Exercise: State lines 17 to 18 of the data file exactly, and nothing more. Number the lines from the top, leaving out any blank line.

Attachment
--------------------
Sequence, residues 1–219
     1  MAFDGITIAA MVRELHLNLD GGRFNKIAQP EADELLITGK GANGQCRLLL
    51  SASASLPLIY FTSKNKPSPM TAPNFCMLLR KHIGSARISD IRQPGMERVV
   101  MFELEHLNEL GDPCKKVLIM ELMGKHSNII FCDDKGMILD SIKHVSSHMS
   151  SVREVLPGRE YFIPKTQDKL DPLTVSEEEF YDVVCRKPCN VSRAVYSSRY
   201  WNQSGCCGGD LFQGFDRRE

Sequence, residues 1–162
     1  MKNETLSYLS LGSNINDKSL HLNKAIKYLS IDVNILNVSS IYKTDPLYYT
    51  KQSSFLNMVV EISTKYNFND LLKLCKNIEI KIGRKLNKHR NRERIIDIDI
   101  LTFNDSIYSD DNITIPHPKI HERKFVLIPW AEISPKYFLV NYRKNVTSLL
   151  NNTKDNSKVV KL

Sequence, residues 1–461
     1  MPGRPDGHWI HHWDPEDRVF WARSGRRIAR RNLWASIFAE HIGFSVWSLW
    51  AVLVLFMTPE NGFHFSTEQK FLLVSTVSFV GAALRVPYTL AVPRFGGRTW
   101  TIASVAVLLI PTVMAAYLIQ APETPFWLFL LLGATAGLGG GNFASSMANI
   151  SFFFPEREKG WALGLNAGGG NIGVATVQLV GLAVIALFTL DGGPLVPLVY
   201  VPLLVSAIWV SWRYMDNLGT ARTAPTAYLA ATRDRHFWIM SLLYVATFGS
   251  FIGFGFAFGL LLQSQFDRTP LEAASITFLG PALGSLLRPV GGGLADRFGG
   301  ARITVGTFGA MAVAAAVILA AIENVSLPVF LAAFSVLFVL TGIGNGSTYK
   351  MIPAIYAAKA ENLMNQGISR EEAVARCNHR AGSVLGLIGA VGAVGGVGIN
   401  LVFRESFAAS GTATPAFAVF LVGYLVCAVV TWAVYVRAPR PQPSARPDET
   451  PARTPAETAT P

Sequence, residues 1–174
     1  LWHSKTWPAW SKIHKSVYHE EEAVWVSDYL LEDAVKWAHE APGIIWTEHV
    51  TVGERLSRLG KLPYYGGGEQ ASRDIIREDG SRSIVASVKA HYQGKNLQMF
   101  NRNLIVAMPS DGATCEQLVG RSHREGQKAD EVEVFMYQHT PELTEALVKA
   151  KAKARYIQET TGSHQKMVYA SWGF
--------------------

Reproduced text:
   201  VPLLVSAIWV SWRYMDNLGT ARTAPTAYLA ATRDRHFWIM SLLYVATFGS
   251  FIGFGFAFGL LLQSQFDRTP LEAASITFLG PALGSLLRPV GGGLADRFGG